Long-time baby powder users sue over ovarian cancer link
In this April 15, 2011 photo, a bottle of Johnson's baby powder is displayed in San Francisco. (AP Photo/Jeff Chiu)
Published Friday, May 27, 2016 11:06AM EDT
Four Canadian women and their families have launched a class-action lawsuit against Johnson & Johnson, claiming the women developed ovarian cancer after using the company’s baby powder.
The planned suits come after several similar lawsuits were launched in the U.S. Earlier this month, a jury in St. Louis ordered Johnson & Johnson to pay US$55 million to a woman who claimed the company’s baby powder caused her ovarian cancer.
In another case in February, the company was ordered to pay $72 million to an Alabama woman who died from ovarian cancer, which she said was caused by using the powder. In both cases, the juries found that Johnson & Johnson knew of a possible link between its talcum powder and cancer but did not warn the public.
Here in Canada, Toronto-based Will Davidson LLP and Rochon Genova LLP have commenced a joint lawsuit. Their suit involves the families of four proposed representative plaintiffs who all developed ovarian cancer after extended use of the J&J's Baby Powder for feminine hygiene purposes.
One potential plaintiff’s mother, Thérèse Bernier, died in March following her battle with ovarian cancer, Joel Rochon, a partner at Rochon Genova said.
“What I find most troubling about this case is that Johnson & Johnson’s baby powder has been known as a safe product that was made to be used on a daily use – that’s how it was promoted,” Rochon told CTVNews.ca. “And now they have been horribly deceived.”
He says the company should have warned customers decades ago about the link between the powder and cancer.
“They could have easily prevented many, many cases of ovarian cancer by simply placing an appropriate strong warning on the product. But obviously profits got in the way of being responsible,” he said.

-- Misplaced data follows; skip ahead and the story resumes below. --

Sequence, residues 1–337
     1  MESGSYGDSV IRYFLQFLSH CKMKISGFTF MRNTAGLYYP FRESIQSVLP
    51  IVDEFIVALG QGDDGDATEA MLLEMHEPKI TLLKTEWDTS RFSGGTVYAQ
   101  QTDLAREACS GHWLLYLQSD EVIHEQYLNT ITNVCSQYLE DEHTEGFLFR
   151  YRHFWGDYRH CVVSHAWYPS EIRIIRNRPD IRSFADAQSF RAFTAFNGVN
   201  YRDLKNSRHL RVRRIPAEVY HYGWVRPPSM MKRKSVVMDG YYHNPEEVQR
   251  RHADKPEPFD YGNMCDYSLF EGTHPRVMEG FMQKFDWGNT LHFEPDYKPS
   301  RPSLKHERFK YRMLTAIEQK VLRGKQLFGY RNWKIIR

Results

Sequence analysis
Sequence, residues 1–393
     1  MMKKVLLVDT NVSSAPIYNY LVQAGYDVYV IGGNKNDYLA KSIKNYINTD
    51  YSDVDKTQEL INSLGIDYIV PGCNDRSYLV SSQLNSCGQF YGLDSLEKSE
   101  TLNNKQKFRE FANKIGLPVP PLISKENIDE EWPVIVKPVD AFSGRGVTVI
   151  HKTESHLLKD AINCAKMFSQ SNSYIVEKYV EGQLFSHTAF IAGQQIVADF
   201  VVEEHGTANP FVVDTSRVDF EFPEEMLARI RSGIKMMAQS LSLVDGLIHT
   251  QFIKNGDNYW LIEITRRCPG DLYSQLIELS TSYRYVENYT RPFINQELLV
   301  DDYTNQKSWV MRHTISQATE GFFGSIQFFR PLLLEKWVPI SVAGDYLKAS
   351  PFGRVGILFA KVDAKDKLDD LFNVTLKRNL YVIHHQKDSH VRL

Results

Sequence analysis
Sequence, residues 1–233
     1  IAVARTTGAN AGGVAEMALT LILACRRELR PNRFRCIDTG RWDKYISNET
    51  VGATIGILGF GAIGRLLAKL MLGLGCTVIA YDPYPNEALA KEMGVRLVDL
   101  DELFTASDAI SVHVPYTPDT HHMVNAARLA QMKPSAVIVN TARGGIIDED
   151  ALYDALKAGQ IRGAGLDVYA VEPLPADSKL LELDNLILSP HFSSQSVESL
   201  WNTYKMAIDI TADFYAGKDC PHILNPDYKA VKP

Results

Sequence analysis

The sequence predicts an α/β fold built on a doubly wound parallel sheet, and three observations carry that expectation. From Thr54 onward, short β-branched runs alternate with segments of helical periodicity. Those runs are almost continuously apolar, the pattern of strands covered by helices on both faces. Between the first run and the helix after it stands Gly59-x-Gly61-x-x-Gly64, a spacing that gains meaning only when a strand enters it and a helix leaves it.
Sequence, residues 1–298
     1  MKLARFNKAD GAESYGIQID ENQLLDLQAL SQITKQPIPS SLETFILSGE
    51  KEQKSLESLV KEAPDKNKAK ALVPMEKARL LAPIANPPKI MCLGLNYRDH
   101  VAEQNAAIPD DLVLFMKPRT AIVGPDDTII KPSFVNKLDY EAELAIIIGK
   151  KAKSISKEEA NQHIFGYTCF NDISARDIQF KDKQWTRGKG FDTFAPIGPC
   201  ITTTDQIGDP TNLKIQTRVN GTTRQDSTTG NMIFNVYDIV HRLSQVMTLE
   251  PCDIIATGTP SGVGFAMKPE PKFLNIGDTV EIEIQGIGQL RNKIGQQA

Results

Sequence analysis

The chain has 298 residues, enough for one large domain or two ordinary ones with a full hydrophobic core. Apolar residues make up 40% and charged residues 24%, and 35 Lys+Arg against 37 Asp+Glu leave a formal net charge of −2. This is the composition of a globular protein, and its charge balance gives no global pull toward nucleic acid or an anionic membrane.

Another proposed plaintiff is Mississauga resident Cindy Strathdee. The 56-year-old says she sprinkled the powder into her underwear for 30 years, unaware of any possible link to that practice and cancer. In 2012, she began feeling ill.
"I had a constant, nagging stomach ache. I had a large mass. My stomach was so bloated it looked like I was pregnant," she told CTV News.
She was diagnosed with Stage 3 ovarian cancer, and had to undergo a total hysterectomy and chemotherapy. She also developed blood clots in her legs and lungs and had to have blood thinning medication injections for six months.
The injections cost $1,000 a month, she said, which she has had to pay herself since she had no medical benefits. She has also been taking blood thinners for the last three years,
"Sometimes, I think of what I have been through and it’s crazy," she said.
Whether talcum powder causes or increases the risk for ovarian cancer is still unclear. Some studies suggest that women who regularly use talc in their vaginal area face up to 40 per cent higher risk of developing ovarian cancer.
And in 2006, the International Agency for Research on Cancer classified talcum powder as a “possible” human carcinogen if used in the female genital area.
But Johnson & Johnson cites several other studies saying the products are safe. The company is appealing both jury awards and fighting hundreds of other lawsuits on the same matter. A representative for the Canadian arm says the company does not comment on pending litigation.
Strathdee says she joined the lawsuit because she feels the public deserves to know what she says is the truth.
"You trusted that company and to think that could happen...there are people still using it."
With files from the Associated Press and CTV medical specialist Avis Favaro